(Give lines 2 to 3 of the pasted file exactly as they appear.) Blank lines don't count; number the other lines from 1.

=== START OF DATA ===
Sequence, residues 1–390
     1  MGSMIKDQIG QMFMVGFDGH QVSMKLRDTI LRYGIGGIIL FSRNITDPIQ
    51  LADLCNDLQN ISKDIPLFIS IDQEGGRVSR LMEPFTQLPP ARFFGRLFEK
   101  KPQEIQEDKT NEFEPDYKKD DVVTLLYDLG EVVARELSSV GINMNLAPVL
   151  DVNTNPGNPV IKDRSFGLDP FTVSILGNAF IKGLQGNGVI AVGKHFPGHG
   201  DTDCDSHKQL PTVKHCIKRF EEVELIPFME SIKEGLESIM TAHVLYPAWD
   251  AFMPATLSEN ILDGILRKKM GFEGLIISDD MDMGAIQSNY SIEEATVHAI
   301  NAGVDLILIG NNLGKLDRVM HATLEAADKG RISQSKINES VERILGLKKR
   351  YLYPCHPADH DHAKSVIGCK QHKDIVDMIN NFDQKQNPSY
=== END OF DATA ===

     1  MGSMIKDQIG QMFMVGFDGH QVSMKLRDTI LRYGIGGIIL FSRNITDPIQ
    51  LADLCNDLQN ISKDIPLFIS IDQEGGRVSR LMEPFTQLPP ARFFGRLFEK